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Genetic and Rare Diseases Information Center (GARD)

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Lymphangioleiomyomatosis


Other Names for this Disease

  • LAM
  • Lymphangio-myomatosis
See Disclaimer regarding information on this site. Some links on this page may take you to organizations outside of the National Institutes of Health.

Your Question

Please send me any information regarding treatment and/or clinical trials for this rare disease.

Our Answer

We have identified the following information that we hope you find helpful. If you still have questions, please contact us.

What is lymphangioleiomyomatosis (LAM)?

Lymphangioleiomyomatosis (lim-FAN-je-o-LI-o-MI-o-ma-TO-sis), or LAM, is a rare lung disease that mostly affects women in their mid-forties. In LAM, an unusual type of cell begins to grow out of control throughout the body, including in the lungs, lymph nodes and vessels, and kidneys. Over time, these LAM cells form cysts and clusters of cells, which grow throughout the lungs and slowly block the airways. They also destroy the normal lung tissue and replace it with cysts. As a result, air cannot move freely in and out of the lungs, and the lungs cannot supply enough oxygen to the body’s other organs.[1]

More than 1 out of every 3 people with LAM also develops growths called angiomyolipomas, or AMLs, in their kidneys. People with LAM also may develop:[1]
  • Growths in other organs, including the liver and brain
  • Large tumors on their lymph nodes

  • There are two forms of LAM:[1]
  • Sporadic LAM, which occurs for unknown reasons
  • LAM that occurs in people with a rare inherited disease called tuberous sclerosis complex. This is often a milder form.
  • Last updated: 7/16/2013

    How is lymphangioleiomyomatosis (LAM) treated?

    While there is currently no cure for LAM, research has led to major progress in the treatment of symptoms, and diagnosing and understanding LAM. There are a number of treatments that may relieve symptoms or prevent complications from the disease. Treatments vary from patient to patient, depending on the severity of the disease. No all patients have the same response to treatment.[2][3]

  • Medicines (e.g., diuretics, hormone therapy, bronchodilators that relax the muscles around the airways)
  • Oxygen therapy - as lung capacity declines, supplemental or full-time oxygen therapy may become necessary
  • Sirolimus therapy - Rapamycin (sirolimus) blocks the pathway that is affected in LAM cells, which helps stop their uncontrolled growth. The use of sirolimus therapy may be considered in patients with moderate to severe LAM, or those with progressive disease.
  • Procedures to remove air or fluid from the chest or abdominal cavities and prevent it from building up again
  • Procedures to remove angiomyolipoma (AML), or benign kidney tumors
  • Lung transplantation - a procedure to replace one or both lungs, this should be considered as a last resort due to the risk of serious adverse reactions, including major bleeding, pneumonia, pulmonary edema, long-term infections, and possibly painful scarring.
  • Since LAM occurs almost exclusively in women of reproductive age, researchers believe the hormone estrogen might be involved in the abnormal muscle cell growth that characterizes the disease. Although there is no direct evidence that there is a relationship between estrogen and LAM, the treatment of LAM has focused on reducing the production or effects of estrogen. This could include estrogen or other hormone suppressing drugs. Additionally, doctors believe pregnancy may accelerate the progression of LAM. Women with LAM are urged to speak with a health care professional before getting pregnant.[3]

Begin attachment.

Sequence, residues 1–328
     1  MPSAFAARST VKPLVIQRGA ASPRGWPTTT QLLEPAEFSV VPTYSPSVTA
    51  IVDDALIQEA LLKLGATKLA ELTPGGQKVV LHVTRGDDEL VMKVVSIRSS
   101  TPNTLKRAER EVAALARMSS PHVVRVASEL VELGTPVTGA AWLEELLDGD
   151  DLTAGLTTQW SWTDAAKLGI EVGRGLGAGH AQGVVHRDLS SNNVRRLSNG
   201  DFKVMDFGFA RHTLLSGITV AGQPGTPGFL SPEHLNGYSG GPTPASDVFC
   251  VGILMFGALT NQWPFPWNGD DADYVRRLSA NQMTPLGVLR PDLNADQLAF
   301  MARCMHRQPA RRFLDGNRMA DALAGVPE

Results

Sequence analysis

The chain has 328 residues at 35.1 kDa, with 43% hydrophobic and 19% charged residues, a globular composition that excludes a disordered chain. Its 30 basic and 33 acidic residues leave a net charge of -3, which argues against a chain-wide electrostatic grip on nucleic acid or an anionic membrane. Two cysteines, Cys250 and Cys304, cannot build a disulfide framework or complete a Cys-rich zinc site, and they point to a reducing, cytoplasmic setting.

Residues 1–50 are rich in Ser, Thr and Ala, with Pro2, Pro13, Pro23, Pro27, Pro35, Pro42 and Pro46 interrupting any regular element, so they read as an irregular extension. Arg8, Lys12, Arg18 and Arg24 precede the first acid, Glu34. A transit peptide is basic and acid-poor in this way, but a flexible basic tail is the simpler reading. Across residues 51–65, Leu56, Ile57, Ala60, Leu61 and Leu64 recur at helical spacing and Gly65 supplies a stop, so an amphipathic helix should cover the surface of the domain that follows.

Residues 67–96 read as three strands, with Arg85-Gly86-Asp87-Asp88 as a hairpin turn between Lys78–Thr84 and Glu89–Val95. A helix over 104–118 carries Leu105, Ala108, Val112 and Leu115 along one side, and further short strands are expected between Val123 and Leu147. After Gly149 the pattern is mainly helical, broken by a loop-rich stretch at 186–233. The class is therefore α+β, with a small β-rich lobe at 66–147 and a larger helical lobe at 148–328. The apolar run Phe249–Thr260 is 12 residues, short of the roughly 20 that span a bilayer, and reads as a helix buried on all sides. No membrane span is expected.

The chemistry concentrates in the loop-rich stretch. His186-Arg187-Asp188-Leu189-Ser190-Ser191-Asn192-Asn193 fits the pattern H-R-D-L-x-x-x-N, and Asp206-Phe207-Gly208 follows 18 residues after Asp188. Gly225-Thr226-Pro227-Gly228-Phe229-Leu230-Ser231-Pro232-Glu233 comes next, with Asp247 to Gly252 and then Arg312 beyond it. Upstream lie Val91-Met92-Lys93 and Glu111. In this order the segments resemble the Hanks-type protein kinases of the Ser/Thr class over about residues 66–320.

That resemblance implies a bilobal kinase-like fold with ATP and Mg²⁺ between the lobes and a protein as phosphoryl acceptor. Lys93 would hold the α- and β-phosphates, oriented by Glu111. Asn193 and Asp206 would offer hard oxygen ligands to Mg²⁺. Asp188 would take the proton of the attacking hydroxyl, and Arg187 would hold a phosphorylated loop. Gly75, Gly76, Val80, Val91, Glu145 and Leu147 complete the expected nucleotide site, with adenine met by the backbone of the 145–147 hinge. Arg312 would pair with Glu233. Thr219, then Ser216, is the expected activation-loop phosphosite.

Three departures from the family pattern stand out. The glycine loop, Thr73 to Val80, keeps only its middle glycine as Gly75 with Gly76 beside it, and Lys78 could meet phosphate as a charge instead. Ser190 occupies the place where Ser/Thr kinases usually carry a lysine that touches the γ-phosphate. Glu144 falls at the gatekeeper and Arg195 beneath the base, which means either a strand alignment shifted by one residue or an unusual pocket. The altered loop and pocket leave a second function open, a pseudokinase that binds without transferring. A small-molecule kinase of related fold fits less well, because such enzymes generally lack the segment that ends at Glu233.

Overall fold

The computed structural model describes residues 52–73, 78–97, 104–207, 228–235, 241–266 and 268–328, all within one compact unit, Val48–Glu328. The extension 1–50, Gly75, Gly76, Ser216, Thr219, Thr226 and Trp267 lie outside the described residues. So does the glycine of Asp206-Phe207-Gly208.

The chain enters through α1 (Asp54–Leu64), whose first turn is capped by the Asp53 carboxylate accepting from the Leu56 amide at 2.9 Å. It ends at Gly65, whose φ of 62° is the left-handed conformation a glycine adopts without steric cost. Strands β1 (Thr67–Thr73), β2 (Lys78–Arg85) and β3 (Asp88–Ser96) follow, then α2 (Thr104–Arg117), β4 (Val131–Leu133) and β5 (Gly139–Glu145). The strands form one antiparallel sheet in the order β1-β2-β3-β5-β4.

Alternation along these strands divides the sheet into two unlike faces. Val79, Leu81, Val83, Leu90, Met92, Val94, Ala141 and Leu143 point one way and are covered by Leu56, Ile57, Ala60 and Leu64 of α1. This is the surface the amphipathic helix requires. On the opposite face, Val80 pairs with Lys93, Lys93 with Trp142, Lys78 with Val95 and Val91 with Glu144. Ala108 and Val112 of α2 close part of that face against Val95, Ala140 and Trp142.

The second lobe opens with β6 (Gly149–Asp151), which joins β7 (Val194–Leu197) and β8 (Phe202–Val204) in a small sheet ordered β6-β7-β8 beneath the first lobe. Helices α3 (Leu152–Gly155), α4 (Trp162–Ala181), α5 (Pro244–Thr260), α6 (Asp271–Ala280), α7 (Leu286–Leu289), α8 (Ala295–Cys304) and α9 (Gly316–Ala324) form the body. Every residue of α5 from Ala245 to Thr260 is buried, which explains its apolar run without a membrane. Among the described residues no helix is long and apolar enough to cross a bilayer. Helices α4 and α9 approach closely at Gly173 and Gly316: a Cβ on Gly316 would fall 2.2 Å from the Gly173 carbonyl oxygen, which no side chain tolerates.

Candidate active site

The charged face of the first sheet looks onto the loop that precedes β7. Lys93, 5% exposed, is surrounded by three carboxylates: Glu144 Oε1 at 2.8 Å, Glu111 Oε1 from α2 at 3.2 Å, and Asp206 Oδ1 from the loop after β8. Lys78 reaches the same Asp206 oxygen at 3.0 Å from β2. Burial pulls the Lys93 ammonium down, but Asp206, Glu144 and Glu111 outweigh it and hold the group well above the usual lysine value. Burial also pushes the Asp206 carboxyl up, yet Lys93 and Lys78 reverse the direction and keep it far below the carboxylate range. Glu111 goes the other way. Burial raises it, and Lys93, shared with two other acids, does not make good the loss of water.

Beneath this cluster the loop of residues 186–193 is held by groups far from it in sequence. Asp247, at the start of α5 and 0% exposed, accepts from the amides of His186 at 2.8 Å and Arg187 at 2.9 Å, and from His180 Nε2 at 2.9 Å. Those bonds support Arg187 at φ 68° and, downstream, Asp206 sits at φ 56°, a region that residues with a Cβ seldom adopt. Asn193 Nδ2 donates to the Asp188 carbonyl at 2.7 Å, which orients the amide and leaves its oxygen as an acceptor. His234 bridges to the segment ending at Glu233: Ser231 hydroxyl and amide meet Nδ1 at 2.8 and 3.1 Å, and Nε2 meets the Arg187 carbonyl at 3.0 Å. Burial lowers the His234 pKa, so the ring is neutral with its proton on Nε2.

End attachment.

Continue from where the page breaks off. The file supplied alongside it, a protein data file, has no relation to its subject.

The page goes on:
Last updated: 7/16/2013

    Are there currently any clinical trials for lymphangioleiomyomatosis (LAM)?

    The U.S. National Institutes of Health, through the National Library of Medicine, developed ClinicalTrials.gov to provide patients, family members, and members of the public with current information on clinical research studies To learn more about how you can become involved in clinical research, please see the Research section of this webpage.

    The LAM Foundation supports past an ongoing research for the causes and treatment of LAM. The LAM Foundation continues to support clinical trials to search for safe and effective treatments.[3]

    The National Institutes of Health (NIH) established the Rare Diseases Clinical Research Network (RDCRN) to facilitate collaboration among experts in many different types of rare diseases. The goal of the network is to contribute to the research and treatment of rare diseases by working together to identify biomarkers for disease risk, disease severity and activity, and clinical outcome, while also encouraging development of new approaches to diagnosis, prevention, and treatment. The RDCRN consists of ten consortia and a Data and Technology Coordinating Center (DTCC). One of these consortia is the Rare Lung Diseases Consortium (RLDC), a network of cooperating clinical centers and patient support organizations that are working with the National Institutes of Health (NIH) in a collaborative network whose novel structure is designed to accelerate clinical research and improve the delivery of medical care to individuals affected by rare lung diseases. To join the Contact Registry for LAM, click here.
    Last updated: 7/16/2013

    References
    Other Names for this Disease
    • LAM
    • Lymphangio-myomatosis
    See Disclaimer regarding information on this site. Some links on this page may take you to organizations outside of the National Institutes of Health.